One way to re-draw the portion of the desktop that is modified by the animation as it moves from frame to frame is to compute a bounding rectangle that encloses the animation in two consecutive frames and to re-compute the portion of the user interface that falls within this bounding rectangle. This bounding rectangle captures the animation in its current and previous frame. In other words, it includes the screen area once occupied by the animation in the previous frame as well as the screen area occupied by the animation in the current frame. The operating system instructs applications within this rectangle to redraw themselves. The portion of the desktop user interface within this rectangle is copied to an off-screen buffer. The animation server then instructs the operating system to draw the current frame of animation, clipped by its bounding region, to this off-screen buffer. Finally, the operating system performs a bit block transfer of this portion to the frame buffer to display the current frame of animation along with the re-drawn portion of the Windows desktop user interface, which is the background of the animation.
As shown in step 244 of FIG. 4, the animation server draws the decompressed, composited bitmap generated by the sequencer to the animation frame's region window. The operating system "clips" this bitmap to the bounding region of the window (which exactly matches the non-transparent pixels of the composited bitmap). The sequencer then sets an operating system timer to go off after an amount of time equal to the duration specified in the frame data (see step 246).
When the timer goes off, the entire process is repeated for the next frame in the animation. This is illustrated in FIG. 4 by the "timer up" message 248.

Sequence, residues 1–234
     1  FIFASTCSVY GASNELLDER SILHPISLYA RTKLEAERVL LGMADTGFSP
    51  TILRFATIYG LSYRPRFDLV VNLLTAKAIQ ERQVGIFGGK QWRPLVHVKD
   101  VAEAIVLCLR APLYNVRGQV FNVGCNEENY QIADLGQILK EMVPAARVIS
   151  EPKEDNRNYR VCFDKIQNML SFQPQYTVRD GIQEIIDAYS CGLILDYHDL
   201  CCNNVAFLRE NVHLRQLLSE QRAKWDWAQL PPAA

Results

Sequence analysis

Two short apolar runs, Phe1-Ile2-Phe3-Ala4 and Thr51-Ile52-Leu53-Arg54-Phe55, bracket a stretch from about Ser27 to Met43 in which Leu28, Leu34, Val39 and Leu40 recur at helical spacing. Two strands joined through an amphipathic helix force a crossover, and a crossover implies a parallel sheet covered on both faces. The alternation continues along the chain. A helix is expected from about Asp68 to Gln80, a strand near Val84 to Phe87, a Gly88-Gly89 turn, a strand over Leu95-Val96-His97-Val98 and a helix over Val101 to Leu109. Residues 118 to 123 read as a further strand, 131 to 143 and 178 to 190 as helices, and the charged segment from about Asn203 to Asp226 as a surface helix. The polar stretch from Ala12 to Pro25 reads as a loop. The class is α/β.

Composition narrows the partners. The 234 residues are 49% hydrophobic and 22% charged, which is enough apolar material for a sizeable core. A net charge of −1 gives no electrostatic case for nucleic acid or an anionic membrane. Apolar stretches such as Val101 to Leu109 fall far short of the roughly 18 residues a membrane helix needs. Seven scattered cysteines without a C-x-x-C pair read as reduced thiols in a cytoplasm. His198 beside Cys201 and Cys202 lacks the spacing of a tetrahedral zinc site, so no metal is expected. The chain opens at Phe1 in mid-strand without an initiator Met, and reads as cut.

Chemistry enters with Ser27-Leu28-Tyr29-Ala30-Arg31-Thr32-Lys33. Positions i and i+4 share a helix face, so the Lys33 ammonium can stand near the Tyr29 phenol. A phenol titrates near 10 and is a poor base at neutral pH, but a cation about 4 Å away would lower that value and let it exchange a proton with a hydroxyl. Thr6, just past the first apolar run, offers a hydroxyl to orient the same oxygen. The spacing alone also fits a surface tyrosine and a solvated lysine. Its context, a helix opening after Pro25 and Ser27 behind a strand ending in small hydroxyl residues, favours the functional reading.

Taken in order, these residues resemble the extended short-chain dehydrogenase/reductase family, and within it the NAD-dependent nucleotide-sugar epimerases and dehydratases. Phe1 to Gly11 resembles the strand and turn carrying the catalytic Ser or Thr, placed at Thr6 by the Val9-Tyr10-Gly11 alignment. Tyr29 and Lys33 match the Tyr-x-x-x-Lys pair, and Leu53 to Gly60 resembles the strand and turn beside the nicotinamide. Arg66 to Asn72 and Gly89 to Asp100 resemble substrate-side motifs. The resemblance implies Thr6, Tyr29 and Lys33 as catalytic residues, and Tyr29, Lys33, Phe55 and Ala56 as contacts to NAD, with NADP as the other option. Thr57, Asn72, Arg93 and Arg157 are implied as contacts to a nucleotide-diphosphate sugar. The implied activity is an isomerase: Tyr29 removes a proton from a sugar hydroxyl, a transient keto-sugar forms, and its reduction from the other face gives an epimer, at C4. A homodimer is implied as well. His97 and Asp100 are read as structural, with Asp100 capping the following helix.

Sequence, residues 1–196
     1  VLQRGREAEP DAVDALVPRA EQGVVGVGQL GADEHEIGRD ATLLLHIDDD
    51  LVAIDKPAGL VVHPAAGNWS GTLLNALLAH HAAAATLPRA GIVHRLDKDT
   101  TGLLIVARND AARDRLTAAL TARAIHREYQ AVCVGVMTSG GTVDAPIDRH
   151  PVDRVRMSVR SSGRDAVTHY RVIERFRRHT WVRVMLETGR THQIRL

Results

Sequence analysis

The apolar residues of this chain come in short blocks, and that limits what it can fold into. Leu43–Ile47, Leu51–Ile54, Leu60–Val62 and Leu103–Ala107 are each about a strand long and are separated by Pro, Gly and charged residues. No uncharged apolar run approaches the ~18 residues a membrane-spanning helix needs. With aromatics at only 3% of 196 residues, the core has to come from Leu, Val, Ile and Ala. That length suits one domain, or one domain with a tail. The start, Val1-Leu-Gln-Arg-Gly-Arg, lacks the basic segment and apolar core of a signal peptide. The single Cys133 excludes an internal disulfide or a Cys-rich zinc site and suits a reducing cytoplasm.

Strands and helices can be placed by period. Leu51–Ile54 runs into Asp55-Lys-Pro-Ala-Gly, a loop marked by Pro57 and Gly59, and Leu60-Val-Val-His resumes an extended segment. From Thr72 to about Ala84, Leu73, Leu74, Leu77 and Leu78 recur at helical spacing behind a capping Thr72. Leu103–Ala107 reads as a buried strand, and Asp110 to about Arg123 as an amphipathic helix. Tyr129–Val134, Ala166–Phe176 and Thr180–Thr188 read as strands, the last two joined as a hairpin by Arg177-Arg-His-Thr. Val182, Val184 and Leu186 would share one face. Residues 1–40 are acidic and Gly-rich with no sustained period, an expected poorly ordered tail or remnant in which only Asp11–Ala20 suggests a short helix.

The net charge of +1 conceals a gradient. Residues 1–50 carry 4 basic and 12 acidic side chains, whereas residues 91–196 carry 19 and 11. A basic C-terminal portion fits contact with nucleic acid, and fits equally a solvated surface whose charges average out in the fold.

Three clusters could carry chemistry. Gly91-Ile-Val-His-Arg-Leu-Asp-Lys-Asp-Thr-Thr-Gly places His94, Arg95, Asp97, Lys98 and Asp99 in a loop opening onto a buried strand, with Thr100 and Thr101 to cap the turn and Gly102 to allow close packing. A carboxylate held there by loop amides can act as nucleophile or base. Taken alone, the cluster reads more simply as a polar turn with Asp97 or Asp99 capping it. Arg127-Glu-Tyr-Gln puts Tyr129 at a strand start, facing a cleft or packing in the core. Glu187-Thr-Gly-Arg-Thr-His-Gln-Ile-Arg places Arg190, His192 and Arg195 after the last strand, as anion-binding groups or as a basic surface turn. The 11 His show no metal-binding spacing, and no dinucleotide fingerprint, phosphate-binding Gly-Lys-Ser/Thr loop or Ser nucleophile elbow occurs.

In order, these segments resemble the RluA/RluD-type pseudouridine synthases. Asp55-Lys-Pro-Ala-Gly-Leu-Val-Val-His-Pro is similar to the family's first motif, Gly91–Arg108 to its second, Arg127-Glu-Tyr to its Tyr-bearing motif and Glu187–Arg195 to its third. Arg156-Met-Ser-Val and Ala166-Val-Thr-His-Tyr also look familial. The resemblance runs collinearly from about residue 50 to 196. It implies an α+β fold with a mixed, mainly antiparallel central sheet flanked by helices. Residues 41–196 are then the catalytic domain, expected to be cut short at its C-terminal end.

It is important to note that the animation system can display an arbitrary-shaped animation on top of the rest of the windows currently open on the display screen. In other words, the animation appears in the foreground of the display screen and is not confined to the window of a host application or of a client that has requested playback of the animation.
If the region data is being generated in real-time, animations can be scaled and played back at a size different from the size that the animation was originally developed at. The entire process as described above is essentially the same. The main difference is that the sequencer can scale the composited, decompressed bitmap returned by the loader using the specified scaling factor. The regionizer works on decompressed bitmaps stored in memory and needs no knowledge of the size of the original source of the bitmap or any scaling factor. The operating system can be used to perform scaling of bitmaps in an efficient manner. Once the bitmap is scaled it can be passed to the regionizer and the system works as described above. Allowing scaling of animations in real-time is important because it allows end users to have greater control over the look and feel of the system.
Another significant feature of this implementation is the way in which the animation's moving, non-rectangular window receives cursor device input from the user. Since the animation server repetitively updates the bounding region of the animation for each frame, the active area of the animation always corresponds to the non-transparent portion of the current frame. Thus, the operating system only notifies the server of cursor input (e.g. right and left mouse clicks) when the cursor is positioned within the non-transparent portion of the current frame. This form of interactive behavior enhances the effect of the animation operating outside the focus of any rectangular windows currently displayed on the Windows desktop user interface.
Second Implementation of the Animation System
The second implementation of the animation system is similar to the first animation system in that it generates arbitrary shaped animation and can also generate a bounding region for a frame of animation in real time. From the stand-point of the user, this implementation generates arbitrary-shaped animation with similar behavior as the first implementation. Namely, it produces arbitrary shaped animation and plays a sequence of animation in the foreground of the user interface such that the animation is not limited to a window of a host application or to a window of an application that requests playback of the animation. However, it has some differences: 1) the system does not load individual bitmaps and then construct each frame from separate bitmaps, but instead, loads constructed frames; 2) it does not cache region data in a MRU cache in main memory as above, but instead, caches all regions in secondary storage (e.g., on a computer's hard disk) as they are generated; and 3) it has the additional capability to pre-compute region data on a low priority thread.